|14 September 2008
Pursuing US Southwest's prehistoric rock art
In his mid-60s, Ekkehart Malotki, a retired linguistics professor, willingly dangled from a rope tied to a car that was backed to the edge of a cliff. He was documenting a rock art panel a quarter-mile long in northern Arizona (USA). Dr. Malotki fell in love with America's desert Southwest as a 20-something graduate student of languages at the University of California, San Diego. There, he debunked the longstanding notion that the Hopi tribe of northern Arizona did not talk about time. As a linguist at Northern Arizona University in Flagstaff, Dr. Malotki spent decades chronicling the nuanced Hopi tongue.
Dr. Malotki began roaming the desert in pursuit of Kokopelli, the southwestern deity depicted as a man playing a flute, which had been incorrectly linked with a Hopi kachina, or spirit. He found much evidence to dispel the association. And everywhere he went, he found art: pot shards, carved petroglyphs and painted pictographs. He has published three books about rock art, including 'The Rock Art of Arizona: Art for Life's Sake,' which is the first to document rock art through the ages, across the entire state. He has taken thousands of photographs, and he keeps his secret GPS coordinates in files that line his office walls. "It's a disease that is incurable," he said. "This is my bliss, going out in search of rock art."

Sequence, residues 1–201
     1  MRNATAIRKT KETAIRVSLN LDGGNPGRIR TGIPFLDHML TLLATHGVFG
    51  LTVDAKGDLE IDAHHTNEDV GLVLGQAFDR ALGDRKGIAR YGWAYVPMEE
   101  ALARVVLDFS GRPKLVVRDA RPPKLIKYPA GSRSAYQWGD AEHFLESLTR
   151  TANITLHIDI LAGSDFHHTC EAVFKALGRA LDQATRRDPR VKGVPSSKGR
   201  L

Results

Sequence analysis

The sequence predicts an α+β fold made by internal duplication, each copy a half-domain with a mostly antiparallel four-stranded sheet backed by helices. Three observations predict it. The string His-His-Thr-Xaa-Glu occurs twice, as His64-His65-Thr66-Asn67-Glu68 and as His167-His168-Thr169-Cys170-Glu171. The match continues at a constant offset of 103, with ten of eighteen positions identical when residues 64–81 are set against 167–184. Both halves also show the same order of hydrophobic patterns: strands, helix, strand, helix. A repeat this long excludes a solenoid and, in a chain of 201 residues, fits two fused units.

Dr. Malotki's latest focus is on designs called phosphenes, which are as fundamental to art as time is to language. He said the same 15 abstract geometric constants appear globally in art created as early as 300,000 years ago. They are grids, zigzags and patterns of dots. They are the first objects drawn by children; we doodle them when we talk on the phone. "Phosphenes have been defined as a kind of test pattern of the visual system," said Robert Bednarik, a rock art expert in Australia. He said he had determined three decades ago that all prefigurative art consisted entirely of phosphene motifs. "This hypothesis has never been falsified, and it stands nearly 30 years later," he said.
Many archaeologists have neglected these ancient symbols in recent decades, Dr. Malotki said, because of a view that "they didn't allow insight into the minds of the creators." He disagrees. Dr. Malotki has brought rock art to the attention of Ellen Dissanayake, an independent evolutionary psychologist affiliated with the University of Washington. She has argued that art, especially music, is part of our biology, as expressed through the mode and filter of culture. Dr. Malotki, Ms. Dissanayake and Henry Wallace of the Center for Desert Archaeology, a conservation group, have embarked on a book project to show that the earliest rock art was linked with human survival.
Source: The New York Times (8 September 2008)
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